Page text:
I was taking a walk near my home this morning and found myself on a cul-de-sac which I know is populated primarily with Jewish Orthodox families. As I walked though, I tried to imagine what life would be like if I lived there as one of them… same neighborhood as mine, same weather, same parks for our children to play in, and yet a totally and completely different life.
What would it feel like to have the kind of existence in which every decision I made was informed by my faith? Would I feel “more holy” than that guy eating a slice of bacon? Would I feel as if I were more important than that mom getting into her car on Shabbat to take her kids to soccer practice? Would I think myself more deserving because my husband wears a kippa on his head? I’d like to think not. I’d like to think that those choices would enhance my life while maintaining the utmost respect for those who choose differently. But honestly, I’m not sure.
I worry that in some ways, separation is what makes us feel special, or even holy. I am reminded of a time I was in a Jewish concert and the Cantor of a local synagogue who was on stage made some kind of “wink-wink” joke about being kosher into the mic… you know, the kind of joke that (of course!) all of us could relate to because we were probably all kosher. Well, as a Jewish clergy person who was in the room and who is NOT kosher, the joke didn’t make me giggle. If anything, I felt like maybe I wasn’t “holy enough” for the company I was in, or at least not holy enough for that Cantor. I was separate.
Our news is saturated with stories of “us versus them” these days. We have cultural divides, religious divides, political divides, and so much separateness. In these times when there are such clear sides about so many issues, I am concerned about us all enjoying our separation a little, for it is possible that feeling “other” (while we all claim to unconditionally love the “other”) also encourages us to feel superior… dare I say, “holier than thou.”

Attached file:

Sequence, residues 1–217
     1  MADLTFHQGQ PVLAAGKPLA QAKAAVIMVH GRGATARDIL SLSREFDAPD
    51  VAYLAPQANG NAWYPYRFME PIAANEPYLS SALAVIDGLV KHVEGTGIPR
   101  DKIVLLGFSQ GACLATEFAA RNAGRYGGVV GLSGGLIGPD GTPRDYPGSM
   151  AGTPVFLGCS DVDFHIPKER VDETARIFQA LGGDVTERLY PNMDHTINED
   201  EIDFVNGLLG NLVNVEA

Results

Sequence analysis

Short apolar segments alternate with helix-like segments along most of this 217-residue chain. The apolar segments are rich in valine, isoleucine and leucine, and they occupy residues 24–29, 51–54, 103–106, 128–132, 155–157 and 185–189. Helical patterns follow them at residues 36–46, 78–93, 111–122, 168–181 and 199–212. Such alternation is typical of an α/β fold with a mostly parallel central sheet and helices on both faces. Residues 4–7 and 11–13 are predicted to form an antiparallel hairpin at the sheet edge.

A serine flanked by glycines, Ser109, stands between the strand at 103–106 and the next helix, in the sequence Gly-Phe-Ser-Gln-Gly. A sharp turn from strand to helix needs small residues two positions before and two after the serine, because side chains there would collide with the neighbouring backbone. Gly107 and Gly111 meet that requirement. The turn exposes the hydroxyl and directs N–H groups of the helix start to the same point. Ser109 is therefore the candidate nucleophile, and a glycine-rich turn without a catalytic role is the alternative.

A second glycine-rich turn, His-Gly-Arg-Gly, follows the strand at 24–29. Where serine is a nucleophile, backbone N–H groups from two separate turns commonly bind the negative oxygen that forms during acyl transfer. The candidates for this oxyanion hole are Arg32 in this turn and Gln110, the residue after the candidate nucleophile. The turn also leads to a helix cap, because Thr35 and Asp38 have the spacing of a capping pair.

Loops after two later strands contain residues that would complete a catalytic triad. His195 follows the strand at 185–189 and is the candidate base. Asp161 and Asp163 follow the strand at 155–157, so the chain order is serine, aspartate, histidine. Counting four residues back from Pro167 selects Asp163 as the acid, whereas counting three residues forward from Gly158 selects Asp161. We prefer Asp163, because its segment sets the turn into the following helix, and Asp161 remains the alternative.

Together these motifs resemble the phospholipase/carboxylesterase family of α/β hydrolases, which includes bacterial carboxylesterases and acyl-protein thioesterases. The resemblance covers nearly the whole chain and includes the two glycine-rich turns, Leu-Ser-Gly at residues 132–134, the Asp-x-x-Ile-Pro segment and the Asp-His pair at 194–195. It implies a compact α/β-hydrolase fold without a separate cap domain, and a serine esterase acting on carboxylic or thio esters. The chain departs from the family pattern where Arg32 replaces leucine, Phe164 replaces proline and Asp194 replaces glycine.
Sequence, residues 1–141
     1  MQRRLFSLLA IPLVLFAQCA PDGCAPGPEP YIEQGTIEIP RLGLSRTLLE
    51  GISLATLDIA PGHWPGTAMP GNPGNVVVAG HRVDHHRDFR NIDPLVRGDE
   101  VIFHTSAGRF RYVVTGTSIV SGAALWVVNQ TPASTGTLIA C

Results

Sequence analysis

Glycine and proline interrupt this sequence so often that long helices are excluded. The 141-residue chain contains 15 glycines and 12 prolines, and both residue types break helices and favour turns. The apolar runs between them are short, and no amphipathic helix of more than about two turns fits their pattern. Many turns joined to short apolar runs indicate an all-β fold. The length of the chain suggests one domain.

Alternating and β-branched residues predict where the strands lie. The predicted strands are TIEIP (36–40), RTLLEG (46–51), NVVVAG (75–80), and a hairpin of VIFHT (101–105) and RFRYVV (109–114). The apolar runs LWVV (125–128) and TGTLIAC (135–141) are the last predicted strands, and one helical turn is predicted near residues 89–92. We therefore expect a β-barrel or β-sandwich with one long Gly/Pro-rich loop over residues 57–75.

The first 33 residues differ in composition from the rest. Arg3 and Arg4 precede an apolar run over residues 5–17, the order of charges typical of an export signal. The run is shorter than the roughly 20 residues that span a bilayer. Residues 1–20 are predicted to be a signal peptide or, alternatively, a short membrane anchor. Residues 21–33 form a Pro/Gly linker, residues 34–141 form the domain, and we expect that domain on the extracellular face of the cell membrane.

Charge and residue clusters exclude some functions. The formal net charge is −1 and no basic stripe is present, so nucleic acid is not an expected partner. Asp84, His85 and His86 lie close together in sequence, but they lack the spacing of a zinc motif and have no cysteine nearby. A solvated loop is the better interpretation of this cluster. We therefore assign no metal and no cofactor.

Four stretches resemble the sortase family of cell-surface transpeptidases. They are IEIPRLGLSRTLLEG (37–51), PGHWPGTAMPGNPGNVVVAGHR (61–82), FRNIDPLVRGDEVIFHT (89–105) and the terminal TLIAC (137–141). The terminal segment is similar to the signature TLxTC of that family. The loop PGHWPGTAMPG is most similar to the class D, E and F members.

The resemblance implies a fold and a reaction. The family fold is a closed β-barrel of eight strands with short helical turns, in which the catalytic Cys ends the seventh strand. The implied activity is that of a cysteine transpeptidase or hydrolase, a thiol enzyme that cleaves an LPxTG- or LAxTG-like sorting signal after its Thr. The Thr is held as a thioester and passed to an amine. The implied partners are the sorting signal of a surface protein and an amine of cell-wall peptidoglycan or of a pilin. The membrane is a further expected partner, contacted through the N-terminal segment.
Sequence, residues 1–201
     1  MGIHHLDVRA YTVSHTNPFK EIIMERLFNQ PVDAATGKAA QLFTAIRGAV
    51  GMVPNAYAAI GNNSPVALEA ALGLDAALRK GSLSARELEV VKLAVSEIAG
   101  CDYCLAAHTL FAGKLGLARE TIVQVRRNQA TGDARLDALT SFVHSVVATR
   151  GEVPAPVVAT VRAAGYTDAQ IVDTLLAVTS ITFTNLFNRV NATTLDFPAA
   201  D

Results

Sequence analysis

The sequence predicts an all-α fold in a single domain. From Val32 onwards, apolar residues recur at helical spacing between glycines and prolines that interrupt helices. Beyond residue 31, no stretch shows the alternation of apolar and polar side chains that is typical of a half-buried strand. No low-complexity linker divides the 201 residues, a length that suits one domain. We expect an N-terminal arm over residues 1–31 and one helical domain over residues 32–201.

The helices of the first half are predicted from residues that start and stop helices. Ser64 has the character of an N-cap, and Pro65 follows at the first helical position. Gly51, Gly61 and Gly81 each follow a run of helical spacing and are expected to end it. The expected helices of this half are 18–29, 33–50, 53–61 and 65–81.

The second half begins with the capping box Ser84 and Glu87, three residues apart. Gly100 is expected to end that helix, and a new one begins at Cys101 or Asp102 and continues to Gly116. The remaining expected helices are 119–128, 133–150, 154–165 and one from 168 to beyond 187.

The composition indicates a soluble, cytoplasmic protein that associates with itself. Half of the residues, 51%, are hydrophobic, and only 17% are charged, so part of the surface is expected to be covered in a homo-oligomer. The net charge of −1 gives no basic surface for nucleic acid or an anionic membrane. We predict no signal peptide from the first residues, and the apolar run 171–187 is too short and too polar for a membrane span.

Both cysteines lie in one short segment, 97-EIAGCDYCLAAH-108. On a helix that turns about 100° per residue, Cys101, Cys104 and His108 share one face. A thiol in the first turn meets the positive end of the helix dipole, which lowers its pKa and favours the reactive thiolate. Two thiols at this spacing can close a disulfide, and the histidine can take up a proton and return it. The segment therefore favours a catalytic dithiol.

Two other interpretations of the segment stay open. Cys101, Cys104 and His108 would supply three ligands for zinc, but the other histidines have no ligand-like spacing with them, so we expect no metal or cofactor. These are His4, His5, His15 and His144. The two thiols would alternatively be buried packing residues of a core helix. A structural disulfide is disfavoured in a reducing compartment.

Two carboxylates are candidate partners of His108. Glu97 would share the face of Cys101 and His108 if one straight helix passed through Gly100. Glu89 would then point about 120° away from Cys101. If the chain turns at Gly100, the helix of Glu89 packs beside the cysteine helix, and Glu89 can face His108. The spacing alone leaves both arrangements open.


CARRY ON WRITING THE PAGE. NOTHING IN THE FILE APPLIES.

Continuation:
Am I holier than you if there is a cross around my neck? Am I holier than you if I don’t eat shrimp? Am I holier than you if I pray down on my knees? Am I holier than you if I hold a protest sign, if I agree or don’t agree with a policy, if I call my senator or if I don’t? Maybe the actions that make us feel good about ourselves, and perhaps even closer to God, are the very things that also allow us to feel superior. Is it possible to be confident in ourselves, be separate in some ways, but also view one another as complete equals? Or has “separate but equal” proven time and time again to be a concept that just doesn’t work?
Now, don’t get me wrong. I admire those who allow their choices to be informed by their souls. I’d like to think that in some ways I am one of them. And I admire those who carry signs at protests as I’ve carried a sign or two myself. But in this present time of stress, anxiety, and fear, we need to invest in discovering the holiness in “everyone else” as much if not more than in ourselves, even if they are counter to us in nearly every way. If we don’t, the whole world will lose.
Yes, we should all fight for what we believe in, but we also don’t want to become what we detest.. someone arrogant in our opinions, unable to hear a differing thought, and unable to admit the weaknesses that may be present in our “own side” or the sliver of merit in the “other side.” Let’s never assume that our worth is any greater than anyone else’s.
All we have are our choices, and may we make the clearest ones we can. But when debating those who make different choices, let’s try to remember to still have kindness in our hearts for the opposing debater. As my friend said the other day, “love the person, hate the idea.”
Join us for our next Cool Shul Shabbat this Friday, February 10 at 7pm at Cool Shul, 13323 W. Washington Blvd. LA 90066. And join our mailing list to know everything going on at Cool Shul by emailing me at firstname.lastname@example.org.